victory in war by katixa espinoza
Mother said when the Egyptians built their temples,
they did not make them microscopic. Handmade by clay
to turn to stone, they were built immense to be seen by all. She said
that I never was one to grow daisies that cloaked her outsides.
I grew thorns, when touched, they would bleed crimson. Wear it as lipstick and
kiss my own bruises to mark my land. Bullets deep rooted into the ground, some wounds
are tough to remove. Left tattooed onto skin to tell tales of a warrior, she said this
was her war once. I did not need a bow nor an arrow, I was a wildfire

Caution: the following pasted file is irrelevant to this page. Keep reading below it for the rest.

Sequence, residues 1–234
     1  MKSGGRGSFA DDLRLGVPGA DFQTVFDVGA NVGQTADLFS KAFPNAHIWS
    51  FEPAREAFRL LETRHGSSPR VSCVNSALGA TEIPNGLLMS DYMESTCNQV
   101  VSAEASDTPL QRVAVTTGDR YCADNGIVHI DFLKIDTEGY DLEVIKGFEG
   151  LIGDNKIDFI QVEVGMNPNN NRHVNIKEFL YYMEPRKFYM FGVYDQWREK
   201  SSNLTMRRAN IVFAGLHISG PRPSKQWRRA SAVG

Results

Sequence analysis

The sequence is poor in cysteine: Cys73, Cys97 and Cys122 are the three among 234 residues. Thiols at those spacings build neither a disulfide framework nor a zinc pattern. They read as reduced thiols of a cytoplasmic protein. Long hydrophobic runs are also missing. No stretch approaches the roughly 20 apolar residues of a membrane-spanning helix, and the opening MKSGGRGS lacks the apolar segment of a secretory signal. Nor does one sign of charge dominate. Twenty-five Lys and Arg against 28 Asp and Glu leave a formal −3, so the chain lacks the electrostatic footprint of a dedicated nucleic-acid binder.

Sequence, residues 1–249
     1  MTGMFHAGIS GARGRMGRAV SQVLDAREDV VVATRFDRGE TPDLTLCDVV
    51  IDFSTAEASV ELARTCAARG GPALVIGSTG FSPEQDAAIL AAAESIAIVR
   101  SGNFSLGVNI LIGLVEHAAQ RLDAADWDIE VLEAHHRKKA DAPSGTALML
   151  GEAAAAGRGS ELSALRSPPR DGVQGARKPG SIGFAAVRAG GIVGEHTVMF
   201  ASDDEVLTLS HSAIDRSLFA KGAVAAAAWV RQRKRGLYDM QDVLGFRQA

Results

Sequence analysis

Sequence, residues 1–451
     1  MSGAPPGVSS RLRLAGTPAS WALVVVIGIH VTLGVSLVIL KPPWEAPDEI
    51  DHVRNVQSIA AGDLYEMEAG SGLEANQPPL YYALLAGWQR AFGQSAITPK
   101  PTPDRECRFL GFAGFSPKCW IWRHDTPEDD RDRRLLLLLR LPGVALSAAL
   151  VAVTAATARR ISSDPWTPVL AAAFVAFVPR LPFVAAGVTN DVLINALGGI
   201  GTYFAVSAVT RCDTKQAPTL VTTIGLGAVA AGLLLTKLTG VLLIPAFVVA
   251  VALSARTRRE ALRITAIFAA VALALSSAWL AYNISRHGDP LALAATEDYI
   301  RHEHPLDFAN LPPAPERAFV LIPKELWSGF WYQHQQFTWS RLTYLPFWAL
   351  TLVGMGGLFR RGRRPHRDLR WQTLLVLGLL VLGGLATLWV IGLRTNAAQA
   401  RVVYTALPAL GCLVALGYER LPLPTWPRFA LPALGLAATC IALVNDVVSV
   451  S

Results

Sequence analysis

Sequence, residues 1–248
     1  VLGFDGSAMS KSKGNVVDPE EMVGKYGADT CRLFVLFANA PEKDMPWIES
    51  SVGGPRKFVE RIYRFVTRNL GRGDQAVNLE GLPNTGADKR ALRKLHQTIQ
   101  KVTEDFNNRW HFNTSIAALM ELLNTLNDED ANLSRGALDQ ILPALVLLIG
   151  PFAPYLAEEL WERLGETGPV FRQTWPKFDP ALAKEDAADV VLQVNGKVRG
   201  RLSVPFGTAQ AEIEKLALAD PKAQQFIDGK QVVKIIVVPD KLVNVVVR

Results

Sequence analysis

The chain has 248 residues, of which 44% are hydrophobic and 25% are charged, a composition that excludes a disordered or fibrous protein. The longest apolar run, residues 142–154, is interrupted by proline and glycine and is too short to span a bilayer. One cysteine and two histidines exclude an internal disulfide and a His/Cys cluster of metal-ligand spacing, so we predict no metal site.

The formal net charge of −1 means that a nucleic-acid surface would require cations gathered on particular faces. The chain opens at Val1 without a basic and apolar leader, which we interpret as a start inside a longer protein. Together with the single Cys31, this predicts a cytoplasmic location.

that spread through enemies’ land, the light in a fog of gunpowder. She said not to let them nail
my tongue to a wooden cross
for it was not vanity that spoke, it was the hum that my self-loving
ancestors left as they danced in their enemies’ graves.
Katixa Espinoza is a poet who often loses multiple liquid pens from frantically penning her high school nightmares to sleep as she tries to find herself through writing. She blogs at https://katixaespinoza.wordpress.com/ but you can find her on twitter @kattidk_.